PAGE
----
Aditi Raychoudhury. Close-up of Dad. 2013. Adobe Illustrator.

Aditi Raychoudhury. Runaway Girl. 2013. Pencil on Paper.
Aditi Raychoudhury. Runaway Girl. 2013. Pencil on Paper.

Aditi Raychoudhury. Couple Behind Counter. 2013. Adobe Illustrator.
Aditi Raychoudhury. Couple Behind Counter. 2013. Adobe Illustrator.

Aditi Raychoudhury. Couple Behind Counter. 2013. Pencil on Paper.
Aditi Raychoudhury. Couple Behind Counter. 2013. Pencil on Paper.

Aditi Raychoudhury. Toddler Girl with Trench Coat Mamma. 2013. Adobe Illustrator.
Aditi Raychoudhury. Toddler Girl with Trench Coat Mamma. 2013. Adobe Illustrator.

Aditi Raychoudhury. Toddler Girl with Trench Coat Mamma (Refined). 2013. Blue Pencil on Tracing Paper.
Aditi Raychoudhury. Toddler Girl with Trench Coat Mamma (Refined). 2013. Blue Pencil on Tracing Paper.

Aditi Raychoudhury. Toddler Girl with Trench Coat Mamma. 2013. Adobe Illustrator.
Aditi Raychoudhury. Toddler Girl with Trench Coat Mamma. 2013. Pencil on Paper.

Aditi Raychoudhury. Exiting Mamma with Runaway Son. 2013. Adobe Illustrator.
Aditi Raychoudhury. Exiting Mamma with Runaway Son. 2013. Adobe Illustrator.

Aditi Raychoudhury. Exiting Mamma with Runaway Son. 2013. Pencil on Paper.
Aditi Raychoudhury. Exiting Mamma with Runaway Son. 2013. Pencil on Paper.

Aditi Raychoudhury. Tall Man With Umbrella. 2013. Adobe Illustrator.
Aditi Raychoudhury. Tall Man With Umbrella. 2013. Adobe Illustrator.

Tall man with Umbrella. 2013. Adobe Illustrator CS5.
Tall man with Umbrella. 2013. Adobe Illustrator CS5.

Aditi Raychoudhury. Trio. 2013. Adobe Illustrator CS5.
Aditi Raychoudhury. Trio. 2013. Adobe Illustrator CS5.

Trio. 2013. Pencil.
Trio. 2013. Pencil.

Aditi Raychoudhury. Smarty Panta Girl with Father. 2013. Adobe Illustrator.
Aditi Raychoudhury. Smarty Panta Girl with Father. 2013. Adobe Illustrator.

Aditi Raychoudhury. Smarty Pants Girl with Father. 2013. Pencil.
Aditi Raychoudhury. Smarty Pants Girl with Father. 2013. Pencil.

Aditi Raychoudhury. Smarty Pants Girl's Father. 2013. Pencil.
Aditi Raychoudhury. Smarty Pants Girl’s Father. 2013. Pencil.

Aditi Raychoudhury. Smarty Pants Girl. 2013. Pencil.
Aditi Raychoudhury. Smarty Pants Girl. 2013. Pencil.

#Flashback Friday #Creative

Aditi Raychoudhury, Aniruddh Mukerji. Indian Arch Magazine Cover. School of Planning and Architecture, New Delhi. 1994. Paper, Photocopy machine, Glue Stick, Ink.

Aditi Raychoudhury, Aniruddh Mukerji. Indian Arch Magazine Cover.  School of Planning and Architecture, New Delhi. 1994. Paper, Photocopy machine, Glue Stick, Ink.
Aditi Raychoudhury, Aniruddh Mukerji. Indian Arch Magazine Cover. School of Planning and Architecture, New Delhi. 1994. Paper, Photocopy machine, Glue Stick, Ink.

This is one of the many collaborations my husband and I did in the School of Planning and Architecture in New Delhi, India. I thought of this today – as I have a REALLY ANCIENT printer that can’t scan or print anything larger than A4- so I went old school today, while working on this long panoramic (9″x72″ or longer), scanning smaller components, resizing and compositing them in Adobe Illustrator CS5, then printing out the result in small parts,  cutting and pasting them, and redrawing them again. It reminded me of the pre-computer days in college – when used the photocopying machine and glue stick to cutting and paste images in layers and adding hand drawn floor plans and such to create covers and content for magazines.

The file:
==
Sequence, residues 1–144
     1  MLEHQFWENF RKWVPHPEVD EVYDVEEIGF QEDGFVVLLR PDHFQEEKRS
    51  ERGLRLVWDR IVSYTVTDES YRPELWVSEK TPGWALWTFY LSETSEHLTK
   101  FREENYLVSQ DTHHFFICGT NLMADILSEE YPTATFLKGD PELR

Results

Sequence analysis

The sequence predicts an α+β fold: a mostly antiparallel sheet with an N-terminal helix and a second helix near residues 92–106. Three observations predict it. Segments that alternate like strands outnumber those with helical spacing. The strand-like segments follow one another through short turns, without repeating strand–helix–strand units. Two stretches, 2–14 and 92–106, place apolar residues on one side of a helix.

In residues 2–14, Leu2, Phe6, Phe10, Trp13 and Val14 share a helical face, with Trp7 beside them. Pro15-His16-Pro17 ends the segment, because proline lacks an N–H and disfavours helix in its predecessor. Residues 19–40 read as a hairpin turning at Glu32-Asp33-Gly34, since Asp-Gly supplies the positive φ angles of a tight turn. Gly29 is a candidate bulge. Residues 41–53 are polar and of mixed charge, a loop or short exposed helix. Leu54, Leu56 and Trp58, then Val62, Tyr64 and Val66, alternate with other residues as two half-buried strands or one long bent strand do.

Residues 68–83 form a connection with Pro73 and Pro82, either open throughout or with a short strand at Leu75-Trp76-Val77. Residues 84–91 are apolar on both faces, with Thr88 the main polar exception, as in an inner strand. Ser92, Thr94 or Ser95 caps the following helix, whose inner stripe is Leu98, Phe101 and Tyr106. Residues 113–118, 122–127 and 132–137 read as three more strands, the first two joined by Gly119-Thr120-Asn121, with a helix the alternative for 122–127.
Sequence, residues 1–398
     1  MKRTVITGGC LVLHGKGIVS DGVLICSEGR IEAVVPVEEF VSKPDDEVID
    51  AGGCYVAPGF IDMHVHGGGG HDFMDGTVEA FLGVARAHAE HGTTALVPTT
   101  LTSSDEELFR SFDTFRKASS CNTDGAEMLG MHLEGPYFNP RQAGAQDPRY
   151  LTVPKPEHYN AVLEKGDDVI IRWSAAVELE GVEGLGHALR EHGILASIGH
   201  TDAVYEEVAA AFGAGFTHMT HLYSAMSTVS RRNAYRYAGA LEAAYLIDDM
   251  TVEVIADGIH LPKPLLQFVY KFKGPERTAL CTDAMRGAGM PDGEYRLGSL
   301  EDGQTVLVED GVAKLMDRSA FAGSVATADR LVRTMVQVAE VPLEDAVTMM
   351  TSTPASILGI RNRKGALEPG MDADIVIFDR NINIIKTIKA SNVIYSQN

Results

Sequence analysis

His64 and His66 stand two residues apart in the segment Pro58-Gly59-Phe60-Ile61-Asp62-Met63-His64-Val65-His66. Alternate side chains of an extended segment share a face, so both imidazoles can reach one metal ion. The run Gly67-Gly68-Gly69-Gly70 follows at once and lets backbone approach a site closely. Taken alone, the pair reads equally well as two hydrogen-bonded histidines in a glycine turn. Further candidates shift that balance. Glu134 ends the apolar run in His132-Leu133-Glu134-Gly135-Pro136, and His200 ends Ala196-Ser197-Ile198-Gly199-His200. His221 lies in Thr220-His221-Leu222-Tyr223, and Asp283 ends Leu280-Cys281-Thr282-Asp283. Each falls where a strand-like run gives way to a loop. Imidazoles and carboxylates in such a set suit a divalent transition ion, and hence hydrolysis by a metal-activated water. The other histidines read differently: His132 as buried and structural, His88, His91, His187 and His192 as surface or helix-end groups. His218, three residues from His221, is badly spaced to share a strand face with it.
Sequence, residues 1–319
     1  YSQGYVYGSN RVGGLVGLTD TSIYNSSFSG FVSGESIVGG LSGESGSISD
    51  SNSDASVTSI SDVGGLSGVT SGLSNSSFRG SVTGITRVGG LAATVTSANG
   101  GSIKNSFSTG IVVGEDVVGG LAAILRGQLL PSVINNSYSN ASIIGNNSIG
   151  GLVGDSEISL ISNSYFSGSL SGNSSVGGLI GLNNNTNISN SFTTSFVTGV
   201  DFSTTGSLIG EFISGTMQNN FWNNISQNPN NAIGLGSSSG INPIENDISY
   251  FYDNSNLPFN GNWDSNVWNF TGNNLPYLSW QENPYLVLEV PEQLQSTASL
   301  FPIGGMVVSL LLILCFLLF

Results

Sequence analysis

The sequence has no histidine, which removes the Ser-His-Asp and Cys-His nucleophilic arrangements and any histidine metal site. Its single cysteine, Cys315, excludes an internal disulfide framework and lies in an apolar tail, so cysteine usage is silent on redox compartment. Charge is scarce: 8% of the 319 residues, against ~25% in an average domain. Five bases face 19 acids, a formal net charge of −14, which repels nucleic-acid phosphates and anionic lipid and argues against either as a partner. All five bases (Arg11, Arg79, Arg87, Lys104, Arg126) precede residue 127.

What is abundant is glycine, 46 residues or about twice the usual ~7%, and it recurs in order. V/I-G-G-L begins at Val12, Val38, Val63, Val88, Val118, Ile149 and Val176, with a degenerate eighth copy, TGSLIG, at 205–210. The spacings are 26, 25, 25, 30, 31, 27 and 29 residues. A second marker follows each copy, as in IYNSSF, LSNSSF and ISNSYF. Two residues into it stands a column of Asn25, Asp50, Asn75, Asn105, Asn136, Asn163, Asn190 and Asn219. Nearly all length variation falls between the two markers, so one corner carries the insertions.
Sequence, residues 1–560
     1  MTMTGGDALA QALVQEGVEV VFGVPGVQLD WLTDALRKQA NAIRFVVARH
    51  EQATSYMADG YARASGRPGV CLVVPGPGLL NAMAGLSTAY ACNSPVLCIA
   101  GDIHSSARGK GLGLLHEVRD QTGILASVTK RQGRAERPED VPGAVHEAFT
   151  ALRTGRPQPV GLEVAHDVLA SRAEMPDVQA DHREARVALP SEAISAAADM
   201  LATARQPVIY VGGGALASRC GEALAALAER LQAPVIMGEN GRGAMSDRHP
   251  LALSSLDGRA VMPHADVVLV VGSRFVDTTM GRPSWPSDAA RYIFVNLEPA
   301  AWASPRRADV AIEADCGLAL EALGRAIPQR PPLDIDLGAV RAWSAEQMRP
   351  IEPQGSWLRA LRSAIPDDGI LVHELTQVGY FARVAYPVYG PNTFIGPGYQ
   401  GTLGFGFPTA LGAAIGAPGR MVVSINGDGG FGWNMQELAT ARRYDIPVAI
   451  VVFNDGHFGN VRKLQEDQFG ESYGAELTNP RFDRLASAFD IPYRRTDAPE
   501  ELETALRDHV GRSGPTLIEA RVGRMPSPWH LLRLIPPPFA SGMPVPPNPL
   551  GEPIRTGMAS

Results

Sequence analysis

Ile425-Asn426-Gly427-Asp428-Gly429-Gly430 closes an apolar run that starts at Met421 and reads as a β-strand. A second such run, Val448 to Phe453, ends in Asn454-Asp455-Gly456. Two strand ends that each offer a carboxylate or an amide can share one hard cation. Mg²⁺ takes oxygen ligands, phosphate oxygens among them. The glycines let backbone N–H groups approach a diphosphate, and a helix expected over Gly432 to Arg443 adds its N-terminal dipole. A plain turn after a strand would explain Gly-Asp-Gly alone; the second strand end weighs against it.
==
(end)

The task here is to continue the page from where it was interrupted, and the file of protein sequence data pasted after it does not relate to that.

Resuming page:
Forbidden Portent: Studies

It was not the best day. She had been stripped of her womanhood. Shrivelled up inside this unfamiliar androgyny, she felt too debased to dare this world of wondrous, demeaning, and fragile promises. Debarred from tasting such tantalizing portents, she fumbled for a pencil, and touched color to paper for the first time in nearly 20 years.

Aditi Raychoudhury. Callas and Me (3), 2006. 14" x 17", Chalk Pastels on Vellum.
Aditi Raychoudhury. Forbidden Portent (Study 3), 2006. 14″ x 17″, Chalk Pastels on Vellum.

Aditi Raychoudhury. Callas and Me (2), 2006. 14" x 17", Chalk Pastels on Vellum.
Aditi Raychoudhury. Forbidden Portent (Study 2), 2006. 14″ x 17″, Chalk Pastels on Charcoal Paper.

Aditi Raychoudhury. Callas and Me (2), 2006. 14" x 17", Charcoal on Paper.
Aditi Raychoudhury. Forbidden Portent (Study 1), 2006. 14″ x 17″, Charcoal on Charcoal Paper.

Aditi Raychoudhury. Callas and Me (Working Sketch), 2006. 8 1/2" x 11", Colored Pencils on Paper.
Aditi Raychoudhury. Forbidden Portent (Working Sketch), 2006. 8 1/2″ x 11″, Colored Pencils on Xerox Paper.

Aditi Raychoudhury. Callas and Me (Initial Sketch), 2006. 8 1/2" x 11", Colored Pencils on Paper.
Aditi Raychoudhury. Forbidden Portent (First Sketch), 2006. 8 1/2″ x 11″, Colored Pencils on Xerox Paper.